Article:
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Can't Anyone Get it Right?

On Sunday, March 23rd, the television "superstation" TBS aired a show called "Fire From the Sky", yet another in a long line of documentaries about imminent doom from an asteroid collision. Now don't get me wrong-- this is a very important topic. They aren't kidding when they say it's a matter of global life and death, and it's terrible that there isn't enough money being spent on searching for Earth crossing asteroids.

So I'm all for lots of TV exposure about impacts. What I'm against is the Bad Astronomy used for ratings. Again, don't get me wrong-- there was plenty of good astronomy in the show, including one bit I'll mention later. But the show started with a ten minute dramatization about a series of impacts first over Scotland and Ireland, and then over the US. Unlike in the abomination "Asteroid" shown a while back on NBC, they actually got that part right. Rocks can line up due to tidal forces from the Earth, much like Shoemaker-Levy 9 was a long string of chunks when it impacted Jupiter (although the chance of it happening with the Earth is smaller-- the Earth has much less tidal force than Jupiter). That part of "FftS" was actually quite good (as was the effect of Washington DC getting flattened-- the reporter that got blown away was only about half the distance to downtown DC that my house is! Yikes!). No, what made me unhappy was the assertion in the dramatization that the rocks were from Hale-Bopp.

Hale-Bopp, currently gracing our evening skies, will never get closer then several tens of millions of kilometers away. We are at a comfortably safe distance from it, and from any debris it may have around it. The "astronomer" in the dramatization also said we are passing through the tail of the comet, which is also untrue.

Am I being unfair? After all, it was only a dramatization, right? I think I am being completely fair-- they tried to make the account as real as possible, including some very good special effects. Hale-Bopp is a beautiful, rare sight in the sky, and it is needless Chicken-Littling to blame it-- even fictionally-- for a globally catastrophic series of impacts. That is simple ratings-grabbing through sensationalism, and is inexcusable. All they needed to do on the show was say it was from an old comet that was no longer outgassing, for example, or just from a broken up asteroid. Using Hale-Bopp is simply Bad Astronomy.

Incidentally, they made another mistake as well. Like "Asteroid", one of their animations showed a cloud of asteroids very close to each other. Actually, asteroids in the main belt are very far apart, and major collisions are pretty rare.

However, I was interested with their account of a small town named Peshtigo that was wiped out by fire at the same time as the Great Chicago Fire in 1871. The descriptions of the survivors were eerily similar to what happened in Tunguska in 1908. Was the Chicago fire started by explosions from meteors? I find it hard to believe no one in Chicago saw the incoming fireballs, but the other evidence is certainly fascinating. However, I did a quick web search on "peshtigo" and "fire" and found a reference that said that Chicago was suffering through many fires that season, and did seem to be getting worse right up to the Big One. It was a very dry season, evidently. The Peshtigo fire also may have had more mundane causes as well.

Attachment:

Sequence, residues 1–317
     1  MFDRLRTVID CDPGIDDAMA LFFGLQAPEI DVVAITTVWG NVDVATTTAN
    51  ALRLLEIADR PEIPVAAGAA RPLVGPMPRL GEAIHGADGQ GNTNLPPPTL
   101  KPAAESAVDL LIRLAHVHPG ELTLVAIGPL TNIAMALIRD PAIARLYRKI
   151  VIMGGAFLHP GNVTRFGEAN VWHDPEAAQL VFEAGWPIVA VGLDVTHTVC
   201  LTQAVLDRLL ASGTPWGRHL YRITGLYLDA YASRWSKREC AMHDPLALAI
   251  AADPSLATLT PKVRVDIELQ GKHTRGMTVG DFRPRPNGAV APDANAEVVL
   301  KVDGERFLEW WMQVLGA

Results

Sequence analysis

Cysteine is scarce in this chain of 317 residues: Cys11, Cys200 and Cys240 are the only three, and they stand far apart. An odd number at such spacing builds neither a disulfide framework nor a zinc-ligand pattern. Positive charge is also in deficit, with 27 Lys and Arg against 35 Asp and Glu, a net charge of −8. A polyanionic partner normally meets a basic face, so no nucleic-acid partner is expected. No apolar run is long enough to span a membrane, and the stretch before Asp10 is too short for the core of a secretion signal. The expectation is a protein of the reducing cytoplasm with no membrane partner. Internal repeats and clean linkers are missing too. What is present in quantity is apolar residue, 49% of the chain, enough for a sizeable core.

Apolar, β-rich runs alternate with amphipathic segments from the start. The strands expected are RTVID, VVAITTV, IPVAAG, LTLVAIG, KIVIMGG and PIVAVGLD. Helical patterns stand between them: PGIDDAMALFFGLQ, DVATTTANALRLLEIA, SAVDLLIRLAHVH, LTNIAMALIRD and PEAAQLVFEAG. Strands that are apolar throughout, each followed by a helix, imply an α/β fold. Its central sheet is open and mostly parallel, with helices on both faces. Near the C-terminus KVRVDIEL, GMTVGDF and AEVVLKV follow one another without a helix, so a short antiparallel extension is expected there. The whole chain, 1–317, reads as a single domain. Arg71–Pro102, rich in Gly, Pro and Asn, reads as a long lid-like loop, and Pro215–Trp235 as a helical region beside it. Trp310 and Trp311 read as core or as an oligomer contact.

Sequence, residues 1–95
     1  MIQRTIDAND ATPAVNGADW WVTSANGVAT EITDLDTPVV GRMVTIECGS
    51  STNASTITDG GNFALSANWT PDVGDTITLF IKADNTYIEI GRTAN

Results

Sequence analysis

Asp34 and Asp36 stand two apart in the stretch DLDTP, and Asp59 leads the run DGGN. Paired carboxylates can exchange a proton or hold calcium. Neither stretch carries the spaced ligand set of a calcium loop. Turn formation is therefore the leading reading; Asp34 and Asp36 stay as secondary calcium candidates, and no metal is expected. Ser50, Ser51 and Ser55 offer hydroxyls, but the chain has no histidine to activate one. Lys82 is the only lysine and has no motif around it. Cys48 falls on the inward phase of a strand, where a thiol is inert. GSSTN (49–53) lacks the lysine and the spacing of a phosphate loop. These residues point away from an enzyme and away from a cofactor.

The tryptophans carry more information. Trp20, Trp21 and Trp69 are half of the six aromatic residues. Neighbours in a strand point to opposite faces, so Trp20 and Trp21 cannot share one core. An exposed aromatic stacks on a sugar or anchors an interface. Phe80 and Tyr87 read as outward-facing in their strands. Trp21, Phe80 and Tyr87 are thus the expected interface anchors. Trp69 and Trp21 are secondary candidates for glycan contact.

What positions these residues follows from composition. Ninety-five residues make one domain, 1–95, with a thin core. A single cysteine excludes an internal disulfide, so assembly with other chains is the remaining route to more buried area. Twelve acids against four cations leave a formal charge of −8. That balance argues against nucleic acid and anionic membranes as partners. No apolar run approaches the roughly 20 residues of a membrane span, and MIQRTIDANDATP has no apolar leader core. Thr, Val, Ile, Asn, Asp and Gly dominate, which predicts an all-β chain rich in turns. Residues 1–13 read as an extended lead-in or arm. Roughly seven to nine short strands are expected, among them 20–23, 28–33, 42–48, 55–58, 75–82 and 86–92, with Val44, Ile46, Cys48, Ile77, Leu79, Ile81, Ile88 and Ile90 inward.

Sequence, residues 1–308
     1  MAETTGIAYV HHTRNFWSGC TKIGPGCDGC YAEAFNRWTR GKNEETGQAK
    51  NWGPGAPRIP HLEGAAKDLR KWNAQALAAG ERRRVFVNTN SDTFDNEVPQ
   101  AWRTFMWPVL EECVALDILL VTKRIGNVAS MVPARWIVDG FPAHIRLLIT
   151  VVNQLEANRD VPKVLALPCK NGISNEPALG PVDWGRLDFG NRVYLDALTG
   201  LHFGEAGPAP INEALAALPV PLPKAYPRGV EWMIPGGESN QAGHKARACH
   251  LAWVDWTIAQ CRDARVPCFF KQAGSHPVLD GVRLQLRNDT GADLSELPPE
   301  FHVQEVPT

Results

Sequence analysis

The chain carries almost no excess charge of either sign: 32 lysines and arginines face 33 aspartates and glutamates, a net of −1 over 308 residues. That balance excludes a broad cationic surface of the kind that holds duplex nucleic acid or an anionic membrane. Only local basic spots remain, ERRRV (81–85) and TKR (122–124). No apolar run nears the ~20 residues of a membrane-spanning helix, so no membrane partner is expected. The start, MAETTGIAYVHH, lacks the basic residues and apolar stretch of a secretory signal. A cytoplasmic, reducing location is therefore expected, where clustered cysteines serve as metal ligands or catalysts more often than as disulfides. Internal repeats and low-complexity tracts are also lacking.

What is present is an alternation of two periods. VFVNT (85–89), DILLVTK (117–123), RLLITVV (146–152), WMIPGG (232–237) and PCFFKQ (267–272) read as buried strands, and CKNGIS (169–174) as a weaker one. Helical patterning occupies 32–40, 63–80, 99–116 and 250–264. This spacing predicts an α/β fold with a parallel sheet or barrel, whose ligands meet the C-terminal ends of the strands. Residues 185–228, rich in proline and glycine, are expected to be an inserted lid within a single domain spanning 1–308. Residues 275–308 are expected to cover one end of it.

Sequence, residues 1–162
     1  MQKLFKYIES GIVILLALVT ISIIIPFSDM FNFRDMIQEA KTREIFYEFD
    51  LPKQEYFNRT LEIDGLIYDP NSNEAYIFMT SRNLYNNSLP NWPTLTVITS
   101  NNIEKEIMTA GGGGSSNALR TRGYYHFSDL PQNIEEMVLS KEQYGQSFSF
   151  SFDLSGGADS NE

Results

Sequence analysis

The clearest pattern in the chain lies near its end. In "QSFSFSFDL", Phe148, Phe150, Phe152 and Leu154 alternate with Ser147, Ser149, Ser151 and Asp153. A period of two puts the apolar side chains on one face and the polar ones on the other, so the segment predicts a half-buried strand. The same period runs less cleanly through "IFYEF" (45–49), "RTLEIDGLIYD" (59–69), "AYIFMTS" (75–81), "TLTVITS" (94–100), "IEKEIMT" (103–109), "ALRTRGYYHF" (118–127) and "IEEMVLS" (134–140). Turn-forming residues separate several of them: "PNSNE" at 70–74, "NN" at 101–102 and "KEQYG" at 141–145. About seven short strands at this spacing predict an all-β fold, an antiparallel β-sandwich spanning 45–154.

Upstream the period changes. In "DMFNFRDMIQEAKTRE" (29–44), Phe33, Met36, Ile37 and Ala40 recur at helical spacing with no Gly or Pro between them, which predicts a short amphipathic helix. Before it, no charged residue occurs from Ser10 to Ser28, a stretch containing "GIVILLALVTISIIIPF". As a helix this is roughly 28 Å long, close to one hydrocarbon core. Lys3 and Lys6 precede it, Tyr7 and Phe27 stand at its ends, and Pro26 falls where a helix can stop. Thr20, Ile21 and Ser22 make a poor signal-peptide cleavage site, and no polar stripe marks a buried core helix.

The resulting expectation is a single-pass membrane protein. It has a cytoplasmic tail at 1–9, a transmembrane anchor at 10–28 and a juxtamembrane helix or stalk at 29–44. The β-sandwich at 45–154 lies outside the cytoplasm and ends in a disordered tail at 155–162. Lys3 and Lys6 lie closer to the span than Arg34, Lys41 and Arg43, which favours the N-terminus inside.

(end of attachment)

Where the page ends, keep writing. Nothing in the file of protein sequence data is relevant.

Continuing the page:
The TV show interviewed a man named Robert Couvillion, a Peshtigo historian, who presented the evidence for a meteoric cause. He said the survivors talk about a horizontal tornado, with tremendous winds blowing fire everywhere. That does sound like a meteor blast, but take care: a large fire draws in air from around it, heats it up and blows it upward. This can create a huge horizontal draft, which is also consistent with the survivors' stories. He also said there were reports that sound like meteor activity before the fire, but this could simply have been embers being blow around. I've been fooled by chimneys before!

My point: I wish the show had presented someone else's view rather than this one man's. My first impression was one of amazement when this story unfolded, but now my skepticism has returned. It would be of tremendous historical significance if these fires were extraterrestrial in origin, but I need to see more research on it.

For more about the Peshtigo fire, take a look at a page from the Industrial Strength Woodworking site. Another excellent page is from a fireman looking into the cause of the Peshtigo fire. Also, my thanks to Bad Reader Russel Gowen for finding the name of the Peshtigo historian, and also for mentioning that CNN reaired the documentary on June 28, 1998.

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